- Maclean, Douglas, “Prisoner’s Dilemmas, intergenerational asymmetry, and climate chance ethics”, in Martin Peterson (ed.), The Prisoner’s Dilemma. Cambridge: Cambridge University Press, 2015; pp. 219-242.

Monday, March 23, 2020

The trolley problem and the corona virus

A columnist in the Dutch daily De Volkskrant, Ionica Smeets, drew my attention to the relevance of the trolley problem for the present corona crisis. Since I have discussed the trolley problem already several times in my blogs, I think that it’s good to devote a few words to this theme in my blogs as well. Without a doubt, most of my regular readers will certainly remember what the trolley problem involves, but for those who have forgotten it or simply don’t know what it is about, here it is in short:
Case 1. A driverless, runaway trolley on a railway is heading for a tunnel, in which it would kill five people. As a bystander, you can save their lives by turning a switch and redirecting the trolley to another track. However, there is a man walking on that other track that would be killed instead of the five. Would you kill one person in order to save five?
There is also another version of the trolley problem (actually there are more versions, but that’s not important here):
Case 2. The same situation but now you, the bystander, are standing on a footbridge above the track. You are slim and short but a large man is just crossing the bridge. If you jump on the track, you will be run over by the trolley, which will kill you and the five people as well. If you push the large man on the track, he will be killed but the trolley will stop and the five will be saved. Would you push the man?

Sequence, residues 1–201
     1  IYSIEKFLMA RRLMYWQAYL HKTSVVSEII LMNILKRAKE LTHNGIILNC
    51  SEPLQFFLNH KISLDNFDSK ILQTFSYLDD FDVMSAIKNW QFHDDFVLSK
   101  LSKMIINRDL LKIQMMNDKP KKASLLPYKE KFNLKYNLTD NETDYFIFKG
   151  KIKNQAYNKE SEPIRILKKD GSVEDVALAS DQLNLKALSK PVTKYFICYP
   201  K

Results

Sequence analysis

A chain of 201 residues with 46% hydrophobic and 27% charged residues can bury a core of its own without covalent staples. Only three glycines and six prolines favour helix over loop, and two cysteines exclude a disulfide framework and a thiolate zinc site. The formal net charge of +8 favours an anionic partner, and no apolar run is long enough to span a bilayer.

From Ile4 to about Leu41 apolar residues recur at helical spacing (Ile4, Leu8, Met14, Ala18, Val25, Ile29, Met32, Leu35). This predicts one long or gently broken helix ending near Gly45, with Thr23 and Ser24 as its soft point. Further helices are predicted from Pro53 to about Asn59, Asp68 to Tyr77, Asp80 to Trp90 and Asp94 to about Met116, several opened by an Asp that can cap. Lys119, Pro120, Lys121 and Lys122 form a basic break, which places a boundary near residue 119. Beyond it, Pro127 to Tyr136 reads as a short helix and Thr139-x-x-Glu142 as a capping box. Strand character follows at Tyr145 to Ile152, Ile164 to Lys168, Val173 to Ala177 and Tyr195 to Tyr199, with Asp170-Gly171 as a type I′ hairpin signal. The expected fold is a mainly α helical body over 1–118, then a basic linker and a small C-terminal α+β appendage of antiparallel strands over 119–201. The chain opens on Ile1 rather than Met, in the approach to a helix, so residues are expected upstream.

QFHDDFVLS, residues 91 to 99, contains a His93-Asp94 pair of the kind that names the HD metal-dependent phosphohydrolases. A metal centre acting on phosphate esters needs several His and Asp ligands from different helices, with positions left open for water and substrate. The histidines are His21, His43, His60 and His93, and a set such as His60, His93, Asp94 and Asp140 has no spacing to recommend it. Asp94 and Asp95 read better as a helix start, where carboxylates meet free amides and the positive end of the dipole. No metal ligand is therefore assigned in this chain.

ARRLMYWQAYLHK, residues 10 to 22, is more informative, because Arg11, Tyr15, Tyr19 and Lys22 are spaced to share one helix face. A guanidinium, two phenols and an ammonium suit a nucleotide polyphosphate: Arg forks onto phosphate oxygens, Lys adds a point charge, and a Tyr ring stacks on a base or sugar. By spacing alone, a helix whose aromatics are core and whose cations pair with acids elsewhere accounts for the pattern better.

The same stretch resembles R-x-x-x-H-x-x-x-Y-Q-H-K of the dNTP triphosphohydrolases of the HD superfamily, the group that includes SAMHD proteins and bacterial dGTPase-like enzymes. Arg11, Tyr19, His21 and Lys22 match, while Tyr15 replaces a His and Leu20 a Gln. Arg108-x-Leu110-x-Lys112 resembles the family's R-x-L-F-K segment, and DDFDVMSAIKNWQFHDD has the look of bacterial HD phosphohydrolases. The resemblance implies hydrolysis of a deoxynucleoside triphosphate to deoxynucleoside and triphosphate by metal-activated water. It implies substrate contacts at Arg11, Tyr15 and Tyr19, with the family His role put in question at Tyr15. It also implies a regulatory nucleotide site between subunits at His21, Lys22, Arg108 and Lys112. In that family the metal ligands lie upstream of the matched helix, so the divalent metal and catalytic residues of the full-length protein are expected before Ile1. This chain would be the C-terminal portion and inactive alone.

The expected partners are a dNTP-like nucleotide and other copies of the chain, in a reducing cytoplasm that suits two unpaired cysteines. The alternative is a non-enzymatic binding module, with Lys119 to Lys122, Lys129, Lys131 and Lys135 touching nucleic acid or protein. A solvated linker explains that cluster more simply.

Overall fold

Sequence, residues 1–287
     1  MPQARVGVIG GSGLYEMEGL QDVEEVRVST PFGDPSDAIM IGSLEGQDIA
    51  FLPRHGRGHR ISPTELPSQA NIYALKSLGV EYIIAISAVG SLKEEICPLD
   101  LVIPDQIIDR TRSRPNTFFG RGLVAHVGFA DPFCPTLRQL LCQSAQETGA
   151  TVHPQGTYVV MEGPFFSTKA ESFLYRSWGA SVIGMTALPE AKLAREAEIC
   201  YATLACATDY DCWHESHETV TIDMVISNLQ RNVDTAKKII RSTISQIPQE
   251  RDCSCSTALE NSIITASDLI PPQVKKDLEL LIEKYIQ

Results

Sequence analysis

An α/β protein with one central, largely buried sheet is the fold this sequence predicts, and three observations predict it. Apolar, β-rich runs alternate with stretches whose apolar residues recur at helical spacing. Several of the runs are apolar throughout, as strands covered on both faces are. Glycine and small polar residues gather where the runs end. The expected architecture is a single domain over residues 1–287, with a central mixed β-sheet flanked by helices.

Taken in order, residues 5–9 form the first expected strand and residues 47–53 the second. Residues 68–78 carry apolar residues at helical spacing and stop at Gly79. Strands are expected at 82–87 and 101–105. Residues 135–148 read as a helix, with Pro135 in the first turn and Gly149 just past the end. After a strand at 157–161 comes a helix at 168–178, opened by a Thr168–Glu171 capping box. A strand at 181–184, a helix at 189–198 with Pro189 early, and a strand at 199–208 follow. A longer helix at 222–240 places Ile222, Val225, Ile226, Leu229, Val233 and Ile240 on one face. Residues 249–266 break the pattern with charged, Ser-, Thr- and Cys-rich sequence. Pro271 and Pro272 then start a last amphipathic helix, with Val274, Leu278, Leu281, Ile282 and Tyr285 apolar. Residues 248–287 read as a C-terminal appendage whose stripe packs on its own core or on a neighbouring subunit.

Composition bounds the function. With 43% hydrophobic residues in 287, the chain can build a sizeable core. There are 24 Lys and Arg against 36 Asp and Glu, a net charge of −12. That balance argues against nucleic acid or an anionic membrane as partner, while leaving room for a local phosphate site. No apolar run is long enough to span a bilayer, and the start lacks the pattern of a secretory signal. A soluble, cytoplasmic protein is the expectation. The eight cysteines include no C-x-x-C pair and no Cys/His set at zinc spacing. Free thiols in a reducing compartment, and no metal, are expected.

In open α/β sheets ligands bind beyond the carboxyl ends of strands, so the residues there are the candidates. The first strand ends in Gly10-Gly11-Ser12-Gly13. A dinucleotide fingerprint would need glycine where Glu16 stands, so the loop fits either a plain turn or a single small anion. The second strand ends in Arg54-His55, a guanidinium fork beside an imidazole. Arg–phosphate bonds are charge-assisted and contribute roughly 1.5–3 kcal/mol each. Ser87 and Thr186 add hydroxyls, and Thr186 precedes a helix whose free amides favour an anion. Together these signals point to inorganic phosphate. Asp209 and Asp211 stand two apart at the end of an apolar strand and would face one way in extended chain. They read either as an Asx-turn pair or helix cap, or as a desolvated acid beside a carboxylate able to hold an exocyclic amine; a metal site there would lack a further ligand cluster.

Most people say “yes” in Case 1 and “no” in Case 2. Apparently, it makes a difference, whether you actively (intentionally) kill a person or passively (let it happen that it happens). To put it differently, in Case 1, you might reason, “Well, by turning the switch one person is killed instead of five, so four lives are saved.” Also in Case 2 four lives will be saved, but the first part of your reasoning will run now: “Well, by turning the switch I kill one person, etc.”.
Put yourself now the position of the governments, local authorities and others who must decide whether or not to close theatres; forbid sports matches; close schools; to place persons in quarantine, even if they are not or not yet ill; to forbid healthy people to go out for the simple reason that they are 70 years of age or older, even if they are top fit; or the same for handicapped persons, even if they are healthy and, say, running a big enterprise; and so on. This is a real moral problem. On the face of it, you might say, that many lives will be saved by the measures, since they help prevent that people are killed by the corona virus. On the other hand, there are many questions that may cast doubts on the  ̶  moral  ̶   rightness of the decisions or at least may show that all these measures to “lock down” the economy don’t simply lead to saving lives and that is it. For these measures will also lead to an economic downturn and it’s a known that in times of economic decline more people die because of the bad economic situation. So, this is the trolley case of five persons killed against one on a social level.